A new electronic vehicle inspection system aimed at reducing fraud, errors and time spent on manually processing Hawaii-licensed drivers’ data has made the procedure easier on the state and inspection stations, but some residents say it’s costing Big Island drivers time and money.
That was Hilo resident Mark Ferreira’s experience Monday afternoon, when he took his 2012 Toyota Prius to a Chevron gas station for inspection.
“The problem is the time,” he said. “Back in the day, it would take 15 minutes, now it takes half an hour.”
The Hilo Chevron is among 700 gas stations, service stations, repair shops and new car dealerships throughout the state that received one free iPad for the program after the Hawaii Department of Transportation required all service stations to transition into an electronic system Nov. 1.
Jasmine Heen, supervisor for Chevron in Hilo, said that with only one iPad available per station, the process seems to be taking longer.
“We take it by appointment now. We could do five or more within an hour’s time. Now we can only do one at a time,” she said.
And Chevron isn’t the only station adopting an appointment-based system for what used to be a drop-in service.
Bill Croon, a mechanic at Aiona Car Service &Repairs, said the shop has made some adjustments as well.
“You could do two inspections at once,” he said. “Now the shops have to plan ahead, making sure to schedule people one at a time.”
Since the change took effect, Stan Imaino, motor vehicle control inspector on the Big Island, said the inspection and business process has become more efficient.
“Now that everything is electronic, everything is instantaneous. Biggest problem we had is that everything was randomly sent via mail and would take three to four months to process. Now it takes one day,” Imaino said.
Making the process easier was one of the reasons for the transition. According to a document from HDOT, processing the forms manually was “time-consuming for the inspection stations” and was “prone to errors and legibility issues.”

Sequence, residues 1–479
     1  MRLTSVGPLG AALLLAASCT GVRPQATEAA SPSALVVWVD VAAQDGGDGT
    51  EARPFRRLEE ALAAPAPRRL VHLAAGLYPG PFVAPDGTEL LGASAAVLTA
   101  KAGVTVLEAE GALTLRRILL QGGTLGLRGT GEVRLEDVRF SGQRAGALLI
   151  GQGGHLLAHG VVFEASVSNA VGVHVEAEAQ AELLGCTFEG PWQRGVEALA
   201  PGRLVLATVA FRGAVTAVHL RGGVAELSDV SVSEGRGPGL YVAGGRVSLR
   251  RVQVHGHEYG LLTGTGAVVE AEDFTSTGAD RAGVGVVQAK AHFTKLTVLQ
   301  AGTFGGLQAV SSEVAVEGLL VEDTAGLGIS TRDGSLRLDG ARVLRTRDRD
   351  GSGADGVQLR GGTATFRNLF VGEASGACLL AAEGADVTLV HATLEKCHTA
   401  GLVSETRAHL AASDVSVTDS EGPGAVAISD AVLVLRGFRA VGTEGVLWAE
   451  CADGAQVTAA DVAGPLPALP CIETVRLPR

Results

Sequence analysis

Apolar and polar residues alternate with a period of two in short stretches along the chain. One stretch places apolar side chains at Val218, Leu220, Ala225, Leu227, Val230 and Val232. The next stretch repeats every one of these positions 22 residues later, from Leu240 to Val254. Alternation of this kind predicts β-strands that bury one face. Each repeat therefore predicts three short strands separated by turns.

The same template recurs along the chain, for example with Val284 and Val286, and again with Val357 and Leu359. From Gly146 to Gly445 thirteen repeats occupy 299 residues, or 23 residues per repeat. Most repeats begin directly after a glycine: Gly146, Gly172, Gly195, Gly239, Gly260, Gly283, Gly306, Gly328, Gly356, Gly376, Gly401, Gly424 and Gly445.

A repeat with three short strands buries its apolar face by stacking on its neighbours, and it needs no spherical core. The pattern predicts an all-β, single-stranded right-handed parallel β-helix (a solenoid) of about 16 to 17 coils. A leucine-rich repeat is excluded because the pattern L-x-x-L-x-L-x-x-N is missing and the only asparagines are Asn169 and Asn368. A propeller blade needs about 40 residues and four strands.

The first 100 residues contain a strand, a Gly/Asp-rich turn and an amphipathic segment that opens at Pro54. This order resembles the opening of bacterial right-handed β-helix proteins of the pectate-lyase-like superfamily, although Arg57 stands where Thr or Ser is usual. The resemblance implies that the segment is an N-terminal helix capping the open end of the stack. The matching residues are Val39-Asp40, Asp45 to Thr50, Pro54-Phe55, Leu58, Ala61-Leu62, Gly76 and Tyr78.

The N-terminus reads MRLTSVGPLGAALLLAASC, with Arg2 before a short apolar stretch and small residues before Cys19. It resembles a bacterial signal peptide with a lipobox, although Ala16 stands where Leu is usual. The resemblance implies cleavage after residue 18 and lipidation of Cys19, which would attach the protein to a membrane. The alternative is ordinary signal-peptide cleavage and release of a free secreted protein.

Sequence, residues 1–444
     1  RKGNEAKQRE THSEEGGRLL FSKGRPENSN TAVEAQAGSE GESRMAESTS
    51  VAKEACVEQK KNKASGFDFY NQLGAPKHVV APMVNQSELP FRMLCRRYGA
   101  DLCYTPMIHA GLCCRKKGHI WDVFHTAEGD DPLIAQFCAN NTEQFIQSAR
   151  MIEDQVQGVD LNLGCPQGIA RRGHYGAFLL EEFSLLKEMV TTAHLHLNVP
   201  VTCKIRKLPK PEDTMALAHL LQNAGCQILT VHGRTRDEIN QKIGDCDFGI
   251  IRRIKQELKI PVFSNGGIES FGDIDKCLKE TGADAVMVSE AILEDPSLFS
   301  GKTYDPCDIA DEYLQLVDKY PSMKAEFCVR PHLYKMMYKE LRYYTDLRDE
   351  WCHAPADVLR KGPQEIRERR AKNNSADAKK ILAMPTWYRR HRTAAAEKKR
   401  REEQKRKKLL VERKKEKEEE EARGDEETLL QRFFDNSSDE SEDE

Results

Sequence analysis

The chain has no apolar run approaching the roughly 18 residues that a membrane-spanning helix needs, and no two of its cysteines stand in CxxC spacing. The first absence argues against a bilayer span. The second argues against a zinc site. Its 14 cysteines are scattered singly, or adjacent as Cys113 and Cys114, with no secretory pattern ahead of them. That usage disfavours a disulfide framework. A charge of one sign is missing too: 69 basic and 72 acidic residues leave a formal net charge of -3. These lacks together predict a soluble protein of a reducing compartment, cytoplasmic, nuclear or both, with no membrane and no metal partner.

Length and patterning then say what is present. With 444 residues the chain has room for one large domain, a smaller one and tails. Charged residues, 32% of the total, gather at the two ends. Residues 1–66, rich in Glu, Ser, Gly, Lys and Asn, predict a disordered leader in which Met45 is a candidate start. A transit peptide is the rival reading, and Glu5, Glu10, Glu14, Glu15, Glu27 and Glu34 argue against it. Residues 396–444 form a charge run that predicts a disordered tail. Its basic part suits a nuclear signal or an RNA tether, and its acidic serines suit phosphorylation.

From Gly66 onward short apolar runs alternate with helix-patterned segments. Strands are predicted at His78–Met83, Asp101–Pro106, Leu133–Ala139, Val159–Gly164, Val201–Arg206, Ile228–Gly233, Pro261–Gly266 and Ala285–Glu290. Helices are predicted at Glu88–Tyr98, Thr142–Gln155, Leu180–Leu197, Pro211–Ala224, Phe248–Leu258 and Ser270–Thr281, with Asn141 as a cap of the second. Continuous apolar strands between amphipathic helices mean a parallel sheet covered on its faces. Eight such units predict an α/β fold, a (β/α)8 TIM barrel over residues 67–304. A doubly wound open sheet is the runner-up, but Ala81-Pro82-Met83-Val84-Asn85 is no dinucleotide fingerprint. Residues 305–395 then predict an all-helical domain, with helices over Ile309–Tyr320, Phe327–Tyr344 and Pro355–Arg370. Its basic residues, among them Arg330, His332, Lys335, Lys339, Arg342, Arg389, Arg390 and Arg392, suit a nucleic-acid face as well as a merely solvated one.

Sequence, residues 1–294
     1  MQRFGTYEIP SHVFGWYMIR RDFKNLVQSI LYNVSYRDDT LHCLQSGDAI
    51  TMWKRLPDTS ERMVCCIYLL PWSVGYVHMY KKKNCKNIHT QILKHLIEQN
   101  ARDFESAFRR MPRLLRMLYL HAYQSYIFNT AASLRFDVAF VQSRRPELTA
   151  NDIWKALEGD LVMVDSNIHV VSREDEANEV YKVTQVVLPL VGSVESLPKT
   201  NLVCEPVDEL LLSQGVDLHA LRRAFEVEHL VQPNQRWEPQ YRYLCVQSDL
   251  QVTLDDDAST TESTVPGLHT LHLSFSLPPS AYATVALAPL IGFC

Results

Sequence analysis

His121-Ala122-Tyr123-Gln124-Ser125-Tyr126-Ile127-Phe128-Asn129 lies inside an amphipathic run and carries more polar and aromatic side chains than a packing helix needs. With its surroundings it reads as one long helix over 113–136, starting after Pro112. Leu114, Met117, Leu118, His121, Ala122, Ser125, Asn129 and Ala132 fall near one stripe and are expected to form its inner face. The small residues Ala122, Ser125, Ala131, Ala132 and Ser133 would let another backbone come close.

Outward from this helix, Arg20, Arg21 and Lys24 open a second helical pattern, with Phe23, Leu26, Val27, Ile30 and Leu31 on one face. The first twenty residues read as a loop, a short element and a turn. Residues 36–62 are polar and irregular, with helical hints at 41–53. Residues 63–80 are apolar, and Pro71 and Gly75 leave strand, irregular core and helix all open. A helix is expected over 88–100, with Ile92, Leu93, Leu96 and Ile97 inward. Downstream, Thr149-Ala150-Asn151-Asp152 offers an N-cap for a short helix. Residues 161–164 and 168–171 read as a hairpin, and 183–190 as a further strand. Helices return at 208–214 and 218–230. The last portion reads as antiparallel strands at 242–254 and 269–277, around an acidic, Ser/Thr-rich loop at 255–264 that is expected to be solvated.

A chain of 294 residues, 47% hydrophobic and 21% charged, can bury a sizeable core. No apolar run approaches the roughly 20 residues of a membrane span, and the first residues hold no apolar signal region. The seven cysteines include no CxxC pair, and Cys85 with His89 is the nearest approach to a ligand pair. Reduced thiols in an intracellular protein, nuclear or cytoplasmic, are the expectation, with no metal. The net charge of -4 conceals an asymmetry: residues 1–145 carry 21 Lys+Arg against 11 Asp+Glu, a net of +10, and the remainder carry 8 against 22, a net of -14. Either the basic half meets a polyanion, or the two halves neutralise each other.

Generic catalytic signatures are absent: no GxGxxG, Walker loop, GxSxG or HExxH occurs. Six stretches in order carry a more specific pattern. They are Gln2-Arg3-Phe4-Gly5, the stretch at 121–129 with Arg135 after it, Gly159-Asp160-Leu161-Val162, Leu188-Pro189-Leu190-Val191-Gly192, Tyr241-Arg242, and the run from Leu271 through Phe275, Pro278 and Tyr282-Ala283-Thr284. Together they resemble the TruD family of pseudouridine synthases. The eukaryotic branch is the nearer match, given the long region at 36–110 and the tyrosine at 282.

But for Ferreira and other Big Island drivers, the new system has had a different effect and is costing them almost $5 more per inspection.
According to the HDOT’s website, the state increased vehicle safety inspection fees by $4.49 plus tax for all vehicles including motorcycles, pickup trucks and trailers in order to supplement the cost of the transition, with $1.70 of the fee going toward HDOT for “administration and enforcement of the program,” $1.69 going to the company providing the equipment and technical support for the new electronic system, and the remaining $1.10 going toward the service stations.
Although Ferreira said he recognizes there are some benefits to the new system, his 82-year-old father, Harold Ferreira, begs to differ.
“I say scrap the whole program,” he said. “It’s just a way for the state to make money.”
Nancy Crawford, finance director with Hawaii County Department of Finance, said the state typically processes 11,000 to 13,000 inspections each month from Hawaii Island.
Email Megan Moseley at firstname.lastname@example.org.